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EUR/USD drops on Italy as dollar extends recovery

Updated  May 16, 2018 7:49:42 AM Written by Fawad Razaqzada

The EUR/USD is breaking down as the dollar upsurge continues. This follows buck-denominated gold's meltdown from the day before. The metal remains under pressure amid an appreciating US dollar and rising bond yields. Although yields are slightly weaker today, they remain well supported in the US, especially the short-dated ones, as investors continue to expect there to be at least two more rate increases from the Fed this year. Consequently, the Dollar Index is finding itself at its best level since December. Correspondingly, the EUR/USD pair is at its weakest since the end of last year.

Italian political uncertainty weighs on euro and FTSE MIB

The euro meanwhile is coming under increased pressure because of Italy's heightened political uncertainty, and recent soft patch in Eurozone data. Reports that the Five Star Movement and the League, which are in talks to form a coalition government, are considering a debt relief from ECB to the tune of €250 billion has stoked fears over Italy’s creditworthiness. Italy's FTSE MIB has fallen sharply as a result, as too have the euro, and despite an otherwise bullish day for European stocks. Not only was the EUR/USD down but the EUR/JPY, EUR/CHF and EUR/GBP were all weaker at the time of this writing.

Soft GDP and inflation means ECB is no rush to normalise policy

Meanwhile the consistent weakness in German data in the first three months of the year meant that the economy expand by a modest 0.3% on the quarter, which was weaker than expected, as we found out yesterday. The Eurozone as a whole likewise saw its GDP grow by modestly by 0.4% in the first quarter, which was in line with the expectations. The Euro area’s CPI measure of inflation meanwhile was confirmed today by Eurostat at 1.2% for April year-over-year. With growth and inflation both weak, and Italy’s political uncertainty at the forefront, the ECB will be in no rush to normalise its monetary policy. This should keep the euro under pressure, or at best keep its gains in check, in the months ahead.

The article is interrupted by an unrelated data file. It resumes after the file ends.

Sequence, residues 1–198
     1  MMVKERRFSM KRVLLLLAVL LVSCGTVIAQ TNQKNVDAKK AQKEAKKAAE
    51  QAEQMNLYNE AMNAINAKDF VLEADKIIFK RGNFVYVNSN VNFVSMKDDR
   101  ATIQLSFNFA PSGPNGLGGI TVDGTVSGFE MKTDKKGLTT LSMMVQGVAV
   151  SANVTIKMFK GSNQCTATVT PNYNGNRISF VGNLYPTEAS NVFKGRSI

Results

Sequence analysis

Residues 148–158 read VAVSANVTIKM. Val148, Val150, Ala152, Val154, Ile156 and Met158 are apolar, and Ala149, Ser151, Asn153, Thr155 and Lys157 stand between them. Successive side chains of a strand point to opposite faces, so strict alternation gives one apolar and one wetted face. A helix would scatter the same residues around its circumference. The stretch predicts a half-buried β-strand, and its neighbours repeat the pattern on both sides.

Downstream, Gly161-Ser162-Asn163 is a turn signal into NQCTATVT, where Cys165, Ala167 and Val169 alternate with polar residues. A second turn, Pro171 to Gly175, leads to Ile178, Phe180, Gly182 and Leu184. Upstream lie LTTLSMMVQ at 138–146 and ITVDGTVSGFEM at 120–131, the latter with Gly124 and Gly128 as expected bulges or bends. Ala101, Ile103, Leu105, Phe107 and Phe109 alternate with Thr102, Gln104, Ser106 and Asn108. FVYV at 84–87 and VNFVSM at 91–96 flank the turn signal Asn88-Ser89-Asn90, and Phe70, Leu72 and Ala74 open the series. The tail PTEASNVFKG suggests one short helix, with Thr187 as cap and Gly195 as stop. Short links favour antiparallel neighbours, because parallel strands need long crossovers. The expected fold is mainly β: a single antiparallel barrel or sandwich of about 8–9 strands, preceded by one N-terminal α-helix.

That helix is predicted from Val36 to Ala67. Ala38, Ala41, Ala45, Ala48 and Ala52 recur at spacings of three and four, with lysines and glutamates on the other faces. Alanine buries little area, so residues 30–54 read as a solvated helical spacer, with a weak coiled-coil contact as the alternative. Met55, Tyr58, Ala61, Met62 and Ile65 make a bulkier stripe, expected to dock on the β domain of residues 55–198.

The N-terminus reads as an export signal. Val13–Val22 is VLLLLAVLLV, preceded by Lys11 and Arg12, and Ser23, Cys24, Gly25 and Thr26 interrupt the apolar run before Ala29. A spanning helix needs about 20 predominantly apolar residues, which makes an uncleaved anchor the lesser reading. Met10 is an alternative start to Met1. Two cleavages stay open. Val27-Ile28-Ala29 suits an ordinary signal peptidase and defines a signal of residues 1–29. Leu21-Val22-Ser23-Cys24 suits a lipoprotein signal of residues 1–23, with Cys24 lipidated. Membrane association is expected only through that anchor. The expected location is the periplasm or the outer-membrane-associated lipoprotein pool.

EUR/USD breaks support

The EUR/USD’s failure to reclaim the broken 1.20 handle at the start of the week meant that rates remained below the now flattening 200-day average, keeping the short-term bearish momentum intact. The world’s most heavily-traded pair has now broken its previous support around 1.1820/50, a range which is now going to be the first key resistance zone to watch. If the weakness persists, the EUR/USD could drop to test the 1.17 handle next. Around this level, we have the 38.2% long-term Fibonacci retracement coming in at 1.1710 while a prior support and resistance level is seen at 1.1680. We think that the oversold EUR/USD may stage at least a short-term bounce from this 1.1680-1.1710 area, should we get there. For this bounce to happen we ideally want to see a sudden sharp down move to this support area rather than a slow grind, for if the latter were the case then a further breakdown would become likely.

As things stand we will turn cautiously bullish on the EUR/USD on the first sign of a bear trap; for example, if rates goes back above the broken 1.1820/50 support area again. But a clear bullish development would be if a prior high was taken, in this case 1.20.

Source: eSignal and

Disclaimer: The information and opinions in this report are for general information use only and are not intended as an offer or solicitation with respect to the purchase or sale of any currency or CFD contract. All opinions and information contained in this report are subject to change without notice. This report has been prepared without regard to the specific investment objectives, financial situation and needs of any particular recipient. Any references to historical price movements or levels is informational based on our analysis and we do not represent or warranty that any such movements or levels are likely to reoccur in the future. While the information contained herein was obtained from sources believed to be reliable, author does not guarantee its accuracy or completeness, nor does author assume any liability for any direct, indirect or consequential loss that may result from the reliance by any person upon any such information or opinions.

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